Read My Apple Tree Story here.

Monday, December 13, 2010

Reindeer Food and Candy Cane Legend

I am doing Ella's class Christmas party tomorrow, and I have been struggling to find the perfect thing to incorporate the real meaning of Christmas, as they are old enough to understand so much more now. However, everything I have found has been over their level of thinking or understanding.

I finally found the perfect version of the Candy Cane Legend and I feel it is just right for little ones ...

I will pass out Candy Canes (found box for $1 at CVS)

(Turn it upside down) J is for Jesus, who was born on Christmas day. (Turn it upright) What does it remind you of? Who was the first to find out about Jesus’ birth? (After hearing their answers) The shepherds in the field watching their flocks at night were the first to hear the angels. This represents the shepherd’s crook that they used to herd sheep.

It was made hard to symbolize the Solid Rock, the foundation of the church and firmness of the promises of God.

Do you see the stripes? The Bible says, “By his stripes we are healed."

See the red stripe? Before he died on the cross, Jesus was whipped. He bled terribly. The red reminds us of His suffering and the blood He shed for us. Red also reminds us how much He loves us. What is the color of the hearts we send on Valentines Day? Red!

See the white stripe? The white is there because we often do bad things leaving us “dirty” inside. Christians believe when Jesus died, He took on Himself the punishment for our bad things. This leaves us “clean”, white inside.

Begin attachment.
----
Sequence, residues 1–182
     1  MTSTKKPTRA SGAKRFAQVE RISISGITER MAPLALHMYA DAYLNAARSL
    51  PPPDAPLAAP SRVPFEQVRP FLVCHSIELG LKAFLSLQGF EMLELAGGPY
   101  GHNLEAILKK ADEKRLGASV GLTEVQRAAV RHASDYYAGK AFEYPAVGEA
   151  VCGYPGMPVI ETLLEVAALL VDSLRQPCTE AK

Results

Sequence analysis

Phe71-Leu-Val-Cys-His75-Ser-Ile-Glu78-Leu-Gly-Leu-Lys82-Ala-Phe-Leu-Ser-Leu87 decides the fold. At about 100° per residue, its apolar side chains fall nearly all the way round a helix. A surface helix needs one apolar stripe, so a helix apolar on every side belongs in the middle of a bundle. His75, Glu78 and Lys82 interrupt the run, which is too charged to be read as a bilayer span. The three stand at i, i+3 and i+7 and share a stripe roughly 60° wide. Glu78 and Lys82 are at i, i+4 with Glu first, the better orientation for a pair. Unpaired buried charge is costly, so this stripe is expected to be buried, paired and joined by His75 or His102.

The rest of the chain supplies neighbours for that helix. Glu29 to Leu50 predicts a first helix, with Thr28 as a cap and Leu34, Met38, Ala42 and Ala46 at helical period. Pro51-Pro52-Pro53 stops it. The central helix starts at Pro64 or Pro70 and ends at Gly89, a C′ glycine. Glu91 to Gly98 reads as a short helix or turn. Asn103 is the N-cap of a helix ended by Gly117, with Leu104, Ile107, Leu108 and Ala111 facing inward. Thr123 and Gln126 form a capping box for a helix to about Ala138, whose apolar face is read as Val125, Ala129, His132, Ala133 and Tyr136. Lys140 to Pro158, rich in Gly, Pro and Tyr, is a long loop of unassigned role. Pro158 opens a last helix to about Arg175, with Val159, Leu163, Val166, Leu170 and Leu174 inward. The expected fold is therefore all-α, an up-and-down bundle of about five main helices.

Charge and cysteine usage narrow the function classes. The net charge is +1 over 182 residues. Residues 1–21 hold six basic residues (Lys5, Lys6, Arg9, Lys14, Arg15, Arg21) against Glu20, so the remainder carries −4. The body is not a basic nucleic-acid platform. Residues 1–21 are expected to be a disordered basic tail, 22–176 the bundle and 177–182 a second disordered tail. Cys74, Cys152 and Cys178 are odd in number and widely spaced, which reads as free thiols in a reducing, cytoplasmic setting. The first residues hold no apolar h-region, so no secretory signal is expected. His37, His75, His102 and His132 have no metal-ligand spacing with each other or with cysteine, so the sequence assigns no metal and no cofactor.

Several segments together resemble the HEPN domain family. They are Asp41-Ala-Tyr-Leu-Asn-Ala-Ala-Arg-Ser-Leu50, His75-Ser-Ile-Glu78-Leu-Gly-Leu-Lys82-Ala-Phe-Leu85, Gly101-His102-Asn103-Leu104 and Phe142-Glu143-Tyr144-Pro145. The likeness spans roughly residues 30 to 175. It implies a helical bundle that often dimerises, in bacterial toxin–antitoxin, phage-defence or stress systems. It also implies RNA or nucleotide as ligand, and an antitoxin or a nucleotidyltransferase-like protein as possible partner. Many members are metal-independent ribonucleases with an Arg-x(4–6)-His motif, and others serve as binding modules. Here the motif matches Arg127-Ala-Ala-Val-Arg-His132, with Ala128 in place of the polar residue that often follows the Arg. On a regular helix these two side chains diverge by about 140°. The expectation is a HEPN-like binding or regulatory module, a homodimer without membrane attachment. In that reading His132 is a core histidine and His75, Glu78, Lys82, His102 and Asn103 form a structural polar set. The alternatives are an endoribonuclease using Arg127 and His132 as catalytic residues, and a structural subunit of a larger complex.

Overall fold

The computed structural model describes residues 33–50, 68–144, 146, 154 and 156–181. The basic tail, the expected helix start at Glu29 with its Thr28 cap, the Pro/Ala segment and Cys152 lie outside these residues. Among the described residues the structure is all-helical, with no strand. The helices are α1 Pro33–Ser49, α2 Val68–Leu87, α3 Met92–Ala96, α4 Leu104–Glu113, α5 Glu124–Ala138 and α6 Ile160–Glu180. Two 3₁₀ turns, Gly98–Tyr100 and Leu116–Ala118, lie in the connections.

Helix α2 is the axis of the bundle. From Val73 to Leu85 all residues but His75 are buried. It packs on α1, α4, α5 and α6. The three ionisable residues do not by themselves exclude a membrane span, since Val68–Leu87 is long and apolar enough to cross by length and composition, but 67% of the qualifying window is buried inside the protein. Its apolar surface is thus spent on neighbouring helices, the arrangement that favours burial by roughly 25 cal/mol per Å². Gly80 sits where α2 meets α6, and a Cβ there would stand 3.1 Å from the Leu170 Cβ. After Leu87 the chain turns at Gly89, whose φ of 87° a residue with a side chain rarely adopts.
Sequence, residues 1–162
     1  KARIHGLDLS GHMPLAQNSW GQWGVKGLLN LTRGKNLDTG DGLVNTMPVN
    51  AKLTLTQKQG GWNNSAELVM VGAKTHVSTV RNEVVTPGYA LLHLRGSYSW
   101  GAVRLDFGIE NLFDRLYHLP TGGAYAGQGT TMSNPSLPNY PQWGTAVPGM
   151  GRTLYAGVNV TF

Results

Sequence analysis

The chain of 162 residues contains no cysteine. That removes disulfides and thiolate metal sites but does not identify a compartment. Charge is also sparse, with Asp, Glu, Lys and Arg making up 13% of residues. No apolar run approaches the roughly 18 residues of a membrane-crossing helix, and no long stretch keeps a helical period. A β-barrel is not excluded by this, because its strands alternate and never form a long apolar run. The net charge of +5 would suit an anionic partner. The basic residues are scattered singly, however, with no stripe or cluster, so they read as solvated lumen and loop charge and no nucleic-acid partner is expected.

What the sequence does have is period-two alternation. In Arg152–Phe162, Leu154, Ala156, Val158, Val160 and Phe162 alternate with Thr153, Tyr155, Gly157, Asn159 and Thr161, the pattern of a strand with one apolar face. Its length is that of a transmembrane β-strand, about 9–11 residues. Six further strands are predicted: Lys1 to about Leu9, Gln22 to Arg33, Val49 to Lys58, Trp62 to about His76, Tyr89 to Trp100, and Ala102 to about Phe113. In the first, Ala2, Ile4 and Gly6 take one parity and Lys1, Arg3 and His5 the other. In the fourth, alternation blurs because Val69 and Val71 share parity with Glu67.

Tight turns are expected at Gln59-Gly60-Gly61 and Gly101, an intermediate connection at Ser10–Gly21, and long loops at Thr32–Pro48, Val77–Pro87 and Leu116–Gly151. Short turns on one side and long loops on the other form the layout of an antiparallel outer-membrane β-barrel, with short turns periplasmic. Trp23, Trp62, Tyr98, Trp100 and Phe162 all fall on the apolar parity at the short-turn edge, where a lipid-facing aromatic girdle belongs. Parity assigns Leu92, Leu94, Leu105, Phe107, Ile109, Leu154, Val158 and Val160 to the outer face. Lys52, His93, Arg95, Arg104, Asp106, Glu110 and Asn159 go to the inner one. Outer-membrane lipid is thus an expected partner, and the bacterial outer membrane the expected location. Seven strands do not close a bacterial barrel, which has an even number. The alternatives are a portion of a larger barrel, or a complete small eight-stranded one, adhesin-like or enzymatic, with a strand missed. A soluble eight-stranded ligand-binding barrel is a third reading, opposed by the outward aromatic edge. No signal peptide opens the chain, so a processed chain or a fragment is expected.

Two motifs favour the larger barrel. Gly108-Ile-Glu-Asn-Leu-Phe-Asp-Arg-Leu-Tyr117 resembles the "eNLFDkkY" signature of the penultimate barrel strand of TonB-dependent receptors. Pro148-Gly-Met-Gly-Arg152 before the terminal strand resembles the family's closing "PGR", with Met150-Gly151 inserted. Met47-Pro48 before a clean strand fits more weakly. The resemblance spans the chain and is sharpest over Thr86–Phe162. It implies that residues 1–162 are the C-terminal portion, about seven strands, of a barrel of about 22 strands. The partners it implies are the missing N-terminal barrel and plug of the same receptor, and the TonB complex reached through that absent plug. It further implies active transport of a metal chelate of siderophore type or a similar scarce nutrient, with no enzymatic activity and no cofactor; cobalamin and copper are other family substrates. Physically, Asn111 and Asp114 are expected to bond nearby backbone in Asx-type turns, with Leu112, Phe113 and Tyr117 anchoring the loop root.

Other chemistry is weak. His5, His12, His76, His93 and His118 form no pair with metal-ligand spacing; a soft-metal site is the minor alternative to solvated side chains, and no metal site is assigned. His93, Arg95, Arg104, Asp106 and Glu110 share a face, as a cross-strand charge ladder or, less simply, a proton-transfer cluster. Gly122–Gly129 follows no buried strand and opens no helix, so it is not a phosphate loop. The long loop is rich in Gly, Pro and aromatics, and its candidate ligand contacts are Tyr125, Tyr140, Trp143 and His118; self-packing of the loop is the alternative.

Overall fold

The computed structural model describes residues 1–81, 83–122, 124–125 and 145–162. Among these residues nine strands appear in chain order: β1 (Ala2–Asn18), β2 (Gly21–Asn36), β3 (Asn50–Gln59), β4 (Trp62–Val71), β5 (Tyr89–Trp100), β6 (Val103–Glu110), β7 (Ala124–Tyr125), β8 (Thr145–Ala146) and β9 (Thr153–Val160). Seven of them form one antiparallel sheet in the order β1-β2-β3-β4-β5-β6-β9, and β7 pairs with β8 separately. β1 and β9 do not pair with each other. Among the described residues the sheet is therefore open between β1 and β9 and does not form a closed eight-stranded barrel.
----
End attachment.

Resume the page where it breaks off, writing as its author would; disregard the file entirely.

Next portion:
So when you eat your candy canes this Christmas remember J is for Jesus, and Jesus is what Christmas is all about.

In years to come the candy became known only as a candy cane – a meaningless decoration. But the meaning is still there for those who know. I pray that this symbol will again be used to witness TO THE WONDER OF JESUS AND HIS GREAT LOVE that came down at Christmas.

I am also going to let them make some Reindeer Food, something festive and fun for them to take home. A friend made this suggestion that made perfect sense -- several recipes call for glitter. Glitter can harm the squirrels and birds if eaten, so here is a simple recipe to use: combine oats, white sugar and colored sugar.

Attach this cute poem:

Sprinkle on the lawn at night

The moon will make it sparkle bright
As Santa's reindeer fly and roam
This will guide them to your home.

Enjoy some fun activities with your family. They don't have to be elaborate. Here are 2 very simple ideas. Make some memories and start some wonderful family traditions that will last a lifetime.

I love that Jason's Dad every Christmas reads to all the Grandchildren (and us) the Christmas Story straight out of the Bible in the Book of Luke.

What are some of your family Christmas traditions?

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